A prospective observational study of paediatric patients requiring pre-hospital intubation attended by a helicopter medical team (HMT) included 95 children with a GCS of 3-4. Fifty-four received bag-mask support by EMS paramedics until the HMT arrived and intubated them (survival 63%), and 41 were intubated by EMS paramedics. Of these, ‘correction of tube/ventilation’ was required in 37% and the survival was 5%. The authors conclude that bag-mask support should be the technique of choice by EMS paramedics, as the rate of complications of tracheal intubation in this patient group is unacceptably high. Hard to comment as I only have access to the abstract but one wonders if the EMS-intubation group were sicker patients requiring more aggressive early control of airway and breathing.
Seasons Greetings! Some delicacies from this month’s literature to add to your Christmas fayre:
Some have theorised that giving thrombolytics during cardiac arrest might result in survivors in those with a thrombotic aetiology, such as MI or PE. An RCT from 10 European countries on 1050 patients may have put that idea to rest: tenecteplase and placebo had the same survival outcomes when given to out-of-hospital arrest patients prior to transport to hospital, although a seven times greater incidence (2.7% vs 0.4%) of intracranial haemorrhage in the tenecteplase group.
Speaking of pulmonary embolism, a review of the disease reminds us that a meta-analysis of 5 RCTs of thrombolysis in patients with PE and arterial hypotension or shock reduces death or recurrent PE from 19% to 9.4% compared with heparin alone (NNT = 10). The benefit is less clear in those with evidence of RV dysfunction but who are normotensive; the need for further therapeutic interventions is reduced but mortality rates are unaffected. The risk of intracranial or fatal haemorrhage from thrombolysis in PE is 1.8%.
A review of hyperkalaemia and its treatment contains some useful pearls: calcium gluconate is preferred to calcium chloride because of the latter’s tendency to cause tissue necrosis if extravasation occurs; hypertonic saline may reverse the ECG changes of hyperkalaemia, particularly in the presence of hyponatraemia; 10mg nebulised salbutamol lowers serum potassium by about 0.6 mmol/l, whereas 20mg lowers it by about 1.0 mmol/l – however up to 40% of patients are resistant to the hypokalaemic effects of salbutamol, for unknown reasons; the effects of insulin/dextrose are additive to those of salbutamol; sodium bicarbonate does not reduce potassium in dialysis-dependent kidney failure. Read the full article for more detailed discussion
Cardiologists have described a new ECG sign of acute proximal left anterior descending coronary artery occlusion: instead of the signature ST segment elevation, the ST segment showed a 1-3 mm upsloping ST segment depression at the J-point in V1-V6 that continued into tall, positive, symmetrical T waves. In most patients there was also a 1-2 mm St elevation in AVR. These changes were seen in 30 of 1532 (2.0%) of anterior AMI patients. A recognition of this pattern is essential for ensuring these patients receive early reperfusion therapy.
Here’s the latest update of literature relevant to what we do. Don’t get stressed if you don’t get round to reading all the original articles – reading the regular summaries should soothe your conscience and remove any nagging worries that you might be missing something big out there.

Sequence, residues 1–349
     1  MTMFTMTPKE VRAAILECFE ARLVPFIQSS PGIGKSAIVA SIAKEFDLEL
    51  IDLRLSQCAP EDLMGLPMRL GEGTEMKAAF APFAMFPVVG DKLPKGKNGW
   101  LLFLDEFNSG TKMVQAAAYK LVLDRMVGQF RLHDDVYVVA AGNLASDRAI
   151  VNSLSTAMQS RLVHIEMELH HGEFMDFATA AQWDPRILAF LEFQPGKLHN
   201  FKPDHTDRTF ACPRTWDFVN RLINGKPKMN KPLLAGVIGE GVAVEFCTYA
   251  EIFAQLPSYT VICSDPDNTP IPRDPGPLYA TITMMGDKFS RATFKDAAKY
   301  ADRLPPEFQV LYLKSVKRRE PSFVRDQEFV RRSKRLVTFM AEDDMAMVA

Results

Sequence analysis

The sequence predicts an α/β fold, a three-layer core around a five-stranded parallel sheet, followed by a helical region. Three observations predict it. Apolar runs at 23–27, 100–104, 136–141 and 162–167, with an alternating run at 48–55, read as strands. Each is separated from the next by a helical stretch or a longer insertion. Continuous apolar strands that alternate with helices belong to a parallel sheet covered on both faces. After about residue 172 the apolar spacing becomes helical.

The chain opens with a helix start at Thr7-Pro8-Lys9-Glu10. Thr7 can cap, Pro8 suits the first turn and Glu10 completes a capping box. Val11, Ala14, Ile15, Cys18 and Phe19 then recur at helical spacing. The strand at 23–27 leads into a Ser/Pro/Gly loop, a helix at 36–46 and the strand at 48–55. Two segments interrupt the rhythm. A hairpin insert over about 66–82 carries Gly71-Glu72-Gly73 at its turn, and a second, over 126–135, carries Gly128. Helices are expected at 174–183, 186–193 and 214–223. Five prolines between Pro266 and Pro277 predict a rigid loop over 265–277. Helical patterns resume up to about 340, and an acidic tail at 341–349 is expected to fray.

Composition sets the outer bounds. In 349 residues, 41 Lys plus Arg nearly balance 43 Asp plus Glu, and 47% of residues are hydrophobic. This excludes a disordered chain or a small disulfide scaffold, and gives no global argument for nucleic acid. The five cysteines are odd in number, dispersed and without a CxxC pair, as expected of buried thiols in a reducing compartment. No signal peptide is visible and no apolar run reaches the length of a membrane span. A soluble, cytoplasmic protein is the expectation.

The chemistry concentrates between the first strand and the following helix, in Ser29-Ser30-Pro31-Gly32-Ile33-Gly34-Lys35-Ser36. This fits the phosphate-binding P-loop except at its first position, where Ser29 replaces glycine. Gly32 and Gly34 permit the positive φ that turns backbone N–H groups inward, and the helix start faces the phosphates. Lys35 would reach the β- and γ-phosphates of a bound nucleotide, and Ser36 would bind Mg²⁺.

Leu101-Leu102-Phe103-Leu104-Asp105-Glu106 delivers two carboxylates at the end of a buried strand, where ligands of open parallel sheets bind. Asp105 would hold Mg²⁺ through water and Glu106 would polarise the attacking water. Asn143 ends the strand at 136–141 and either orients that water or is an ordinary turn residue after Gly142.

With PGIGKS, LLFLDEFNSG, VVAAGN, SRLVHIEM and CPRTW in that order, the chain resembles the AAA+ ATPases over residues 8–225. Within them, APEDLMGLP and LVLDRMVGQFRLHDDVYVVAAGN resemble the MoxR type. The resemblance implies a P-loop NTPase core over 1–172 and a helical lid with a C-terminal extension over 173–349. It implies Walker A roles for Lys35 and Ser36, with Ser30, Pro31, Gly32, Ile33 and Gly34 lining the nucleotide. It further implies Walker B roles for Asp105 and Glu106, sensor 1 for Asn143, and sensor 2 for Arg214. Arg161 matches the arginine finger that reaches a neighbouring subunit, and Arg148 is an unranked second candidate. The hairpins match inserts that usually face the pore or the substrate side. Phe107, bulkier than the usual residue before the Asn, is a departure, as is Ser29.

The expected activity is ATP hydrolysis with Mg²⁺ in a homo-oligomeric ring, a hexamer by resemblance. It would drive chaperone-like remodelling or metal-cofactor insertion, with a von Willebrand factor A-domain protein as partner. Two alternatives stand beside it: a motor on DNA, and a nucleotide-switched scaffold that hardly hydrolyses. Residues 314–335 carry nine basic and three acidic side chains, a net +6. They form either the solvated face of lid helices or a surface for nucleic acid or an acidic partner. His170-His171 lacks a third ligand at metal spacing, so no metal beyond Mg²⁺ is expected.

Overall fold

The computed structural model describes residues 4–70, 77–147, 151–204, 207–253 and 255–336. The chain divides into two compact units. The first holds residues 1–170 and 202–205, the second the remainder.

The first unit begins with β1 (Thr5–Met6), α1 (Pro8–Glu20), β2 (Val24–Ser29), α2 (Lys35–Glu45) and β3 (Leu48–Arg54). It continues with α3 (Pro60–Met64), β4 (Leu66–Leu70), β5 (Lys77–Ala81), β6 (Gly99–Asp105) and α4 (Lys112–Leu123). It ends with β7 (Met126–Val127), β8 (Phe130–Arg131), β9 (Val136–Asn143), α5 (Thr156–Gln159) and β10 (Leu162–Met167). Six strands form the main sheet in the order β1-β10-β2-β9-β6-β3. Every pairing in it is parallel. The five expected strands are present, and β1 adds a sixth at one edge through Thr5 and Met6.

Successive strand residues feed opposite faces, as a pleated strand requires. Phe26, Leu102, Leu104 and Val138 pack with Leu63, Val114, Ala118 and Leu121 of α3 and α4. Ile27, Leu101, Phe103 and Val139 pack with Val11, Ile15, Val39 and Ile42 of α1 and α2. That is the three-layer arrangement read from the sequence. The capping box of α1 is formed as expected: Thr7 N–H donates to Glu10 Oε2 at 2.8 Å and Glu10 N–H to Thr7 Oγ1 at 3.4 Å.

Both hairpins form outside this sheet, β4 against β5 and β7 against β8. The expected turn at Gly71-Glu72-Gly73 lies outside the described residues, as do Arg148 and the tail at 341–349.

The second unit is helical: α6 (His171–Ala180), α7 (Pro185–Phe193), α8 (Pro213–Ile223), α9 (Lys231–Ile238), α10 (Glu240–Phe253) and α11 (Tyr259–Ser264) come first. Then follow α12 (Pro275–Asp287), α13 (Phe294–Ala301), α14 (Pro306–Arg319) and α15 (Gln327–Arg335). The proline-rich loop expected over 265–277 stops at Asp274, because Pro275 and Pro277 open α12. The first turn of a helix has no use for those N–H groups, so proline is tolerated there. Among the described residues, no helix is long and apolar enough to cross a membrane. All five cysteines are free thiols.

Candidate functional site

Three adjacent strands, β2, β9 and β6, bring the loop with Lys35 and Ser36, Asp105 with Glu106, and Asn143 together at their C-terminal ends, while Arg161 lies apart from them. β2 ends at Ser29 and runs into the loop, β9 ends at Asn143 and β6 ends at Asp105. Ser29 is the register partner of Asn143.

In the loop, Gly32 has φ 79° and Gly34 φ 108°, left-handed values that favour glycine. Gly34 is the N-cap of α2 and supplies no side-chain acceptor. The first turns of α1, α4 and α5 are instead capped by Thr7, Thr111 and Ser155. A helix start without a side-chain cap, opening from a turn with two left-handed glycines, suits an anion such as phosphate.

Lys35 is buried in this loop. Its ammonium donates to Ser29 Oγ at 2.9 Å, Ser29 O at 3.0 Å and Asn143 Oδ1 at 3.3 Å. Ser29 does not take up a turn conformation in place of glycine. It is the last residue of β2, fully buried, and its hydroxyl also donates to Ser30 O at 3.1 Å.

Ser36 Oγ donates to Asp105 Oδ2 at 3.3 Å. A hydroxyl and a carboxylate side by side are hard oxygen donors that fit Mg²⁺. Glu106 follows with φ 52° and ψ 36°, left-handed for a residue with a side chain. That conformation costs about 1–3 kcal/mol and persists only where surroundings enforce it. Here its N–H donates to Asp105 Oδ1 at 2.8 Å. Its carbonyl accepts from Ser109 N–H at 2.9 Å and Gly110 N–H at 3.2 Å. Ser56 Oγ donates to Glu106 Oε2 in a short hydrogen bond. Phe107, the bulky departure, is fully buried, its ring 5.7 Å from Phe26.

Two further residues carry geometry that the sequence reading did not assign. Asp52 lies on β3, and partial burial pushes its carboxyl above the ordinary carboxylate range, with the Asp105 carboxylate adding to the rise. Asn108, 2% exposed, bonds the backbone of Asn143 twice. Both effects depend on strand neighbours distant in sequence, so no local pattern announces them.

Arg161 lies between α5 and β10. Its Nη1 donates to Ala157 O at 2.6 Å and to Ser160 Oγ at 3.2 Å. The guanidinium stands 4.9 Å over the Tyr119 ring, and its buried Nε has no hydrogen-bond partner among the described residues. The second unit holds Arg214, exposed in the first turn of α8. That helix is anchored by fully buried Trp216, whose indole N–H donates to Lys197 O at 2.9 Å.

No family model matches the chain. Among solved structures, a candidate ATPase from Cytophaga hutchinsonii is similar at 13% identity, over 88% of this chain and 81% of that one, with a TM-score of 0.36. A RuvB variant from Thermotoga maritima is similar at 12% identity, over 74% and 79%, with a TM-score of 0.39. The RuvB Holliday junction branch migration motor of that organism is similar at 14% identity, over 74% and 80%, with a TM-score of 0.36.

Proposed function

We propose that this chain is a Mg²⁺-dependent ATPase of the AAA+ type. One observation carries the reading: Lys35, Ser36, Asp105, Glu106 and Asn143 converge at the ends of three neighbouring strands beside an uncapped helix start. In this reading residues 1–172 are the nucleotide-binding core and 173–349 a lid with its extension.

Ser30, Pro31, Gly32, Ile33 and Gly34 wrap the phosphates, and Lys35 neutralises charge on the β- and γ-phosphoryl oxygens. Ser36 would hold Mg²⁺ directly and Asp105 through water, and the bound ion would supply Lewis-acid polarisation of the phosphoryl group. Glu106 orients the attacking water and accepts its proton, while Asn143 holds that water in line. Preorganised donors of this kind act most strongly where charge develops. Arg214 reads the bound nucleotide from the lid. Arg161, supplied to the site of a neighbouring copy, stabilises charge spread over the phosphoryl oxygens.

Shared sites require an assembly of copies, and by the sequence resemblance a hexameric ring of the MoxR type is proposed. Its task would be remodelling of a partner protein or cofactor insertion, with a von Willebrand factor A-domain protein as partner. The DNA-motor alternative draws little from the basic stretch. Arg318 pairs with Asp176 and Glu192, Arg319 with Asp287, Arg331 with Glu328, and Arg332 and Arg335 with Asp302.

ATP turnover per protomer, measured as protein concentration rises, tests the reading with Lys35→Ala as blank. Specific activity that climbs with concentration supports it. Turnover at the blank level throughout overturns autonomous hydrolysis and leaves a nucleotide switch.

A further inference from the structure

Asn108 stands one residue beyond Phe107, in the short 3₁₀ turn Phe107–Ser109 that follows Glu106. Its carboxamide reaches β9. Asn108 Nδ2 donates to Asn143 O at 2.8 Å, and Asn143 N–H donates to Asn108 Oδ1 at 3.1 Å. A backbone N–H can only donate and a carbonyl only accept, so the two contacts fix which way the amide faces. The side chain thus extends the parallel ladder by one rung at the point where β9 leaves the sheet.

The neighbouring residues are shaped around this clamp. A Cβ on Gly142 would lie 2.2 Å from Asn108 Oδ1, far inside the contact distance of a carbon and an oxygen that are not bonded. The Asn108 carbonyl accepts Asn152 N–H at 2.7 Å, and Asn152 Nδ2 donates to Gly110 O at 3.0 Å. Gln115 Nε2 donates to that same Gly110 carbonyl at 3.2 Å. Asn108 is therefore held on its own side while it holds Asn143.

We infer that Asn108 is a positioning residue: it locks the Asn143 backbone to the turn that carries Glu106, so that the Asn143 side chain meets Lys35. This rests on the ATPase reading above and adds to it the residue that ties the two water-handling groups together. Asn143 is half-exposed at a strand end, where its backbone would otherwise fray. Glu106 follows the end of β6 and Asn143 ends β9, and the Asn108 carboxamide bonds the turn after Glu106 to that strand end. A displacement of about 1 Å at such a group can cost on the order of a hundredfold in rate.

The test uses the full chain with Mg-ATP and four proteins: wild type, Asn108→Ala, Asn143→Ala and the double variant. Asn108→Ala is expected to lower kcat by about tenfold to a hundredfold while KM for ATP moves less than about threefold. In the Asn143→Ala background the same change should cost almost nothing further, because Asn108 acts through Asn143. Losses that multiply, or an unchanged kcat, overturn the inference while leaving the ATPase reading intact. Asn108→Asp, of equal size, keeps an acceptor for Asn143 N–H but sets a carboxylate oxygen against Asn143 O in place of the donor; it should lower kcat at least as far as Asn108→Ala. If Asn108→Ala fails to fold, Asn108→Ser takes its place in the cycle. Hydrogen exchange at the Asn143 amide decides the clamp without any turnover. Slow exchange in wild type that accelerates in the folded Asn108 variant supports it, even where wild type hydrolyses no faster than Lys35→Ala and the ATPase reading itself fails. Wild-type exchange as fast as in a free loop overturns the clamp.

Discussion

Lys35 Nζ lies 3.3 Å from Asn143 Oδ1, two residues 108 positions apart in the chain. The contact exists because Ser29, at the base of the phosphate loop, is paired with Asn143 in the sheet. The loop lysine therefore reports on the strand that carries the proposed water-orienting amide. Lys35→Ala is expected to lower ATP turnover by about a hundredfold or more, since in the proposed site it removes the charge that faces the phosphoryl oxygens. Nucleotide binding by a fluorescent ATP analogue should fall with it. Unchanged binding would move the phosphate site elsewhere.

Critical care and retrieval
We all assume obese patients do badly on intensive care, but body fat may confer a survival advantage in critical illness. A study and editorial in Intensive Care Medicine add to the ‘large body’ of literature showing the optimal BMI for surviving critical illness is probably much higher than normally assumed, as adipocytes perform a number of protective functions including an immunomodulatory role.
A meta-analysis of six RCTs tells us that prophylactic administration of steroids in multidose regimens before planned extubation reduces the incidence of laryngeal oedema after extubation and the consequent reintubation rate in adults, with few adverse events. The accompanying editorial suggests a prudent approach might be to limit use to those patients at greatest risk of post-extubation stridor. Risk factors include female sex, short stature, trauma, and prolonged intubation. Laryngeal oedema may be predicted by deflating the cuff and demonstrating a leak of <18% http://www.bmj.com/cgi/content/abstract/337/oct20_1/a1841
For those of you following the etomidate story, a small nonblinded RCT in trauma patients comparing etomidate with fentanyl/midazalom is the first study to couple adverse clinical endpoints with depressed adrenocortical function. Not an issue in Australia of course, but there are enough Americans and Brits for this to give the willies to. http://www.ncbi.nlm.nih.gov/pubmed/18784570
So you’re at a primary where a patient is trapped under a bus and just the legs are sticking out. Tempted to attach the Zoll to the lower limbs for Sats and BP? In normal subjects the mean NIBP at the calf or ankle is very similar to that at the arm, whereas the systolic will be a bit off. Now your obs chart needn’t look incomplete even if your patient does.
Ever been taught a simple way of predicting mortality from burns based on age and total body surface area burned (BSAB)? Examples include if age + BSAB > 75, there is a >50% probability of death. Well now there’s a complicated one but it has a catchy acronym: The FLAMES score (Fatality by Longevity, APACHE II score, Measured Extent of burn, and Sex) was derived and (retrospectively) validated. The authors argue that a new more accurate predictive tool is needed because burns mortality has improved over the last few decades as a result of better management of burn shock, use of more effective topical antimicrobials, better systemic antibiotics, organization of regional burn units, earlier excision, and alternative measures for wound closure. Clearly this is tool for hospital use, catches on remember you heard it here first.
More info this month on detection of intracranial hypertension by sonographic optic nerve sheath diameter measurement, this time in patients undergoing ICP monitoring. The take home messages: optic nerve sheath diameter correlates better than optic nerve diameter with ICP, and a small ONSD probably means ICP isn’t raised. I’m not selling this very well am I?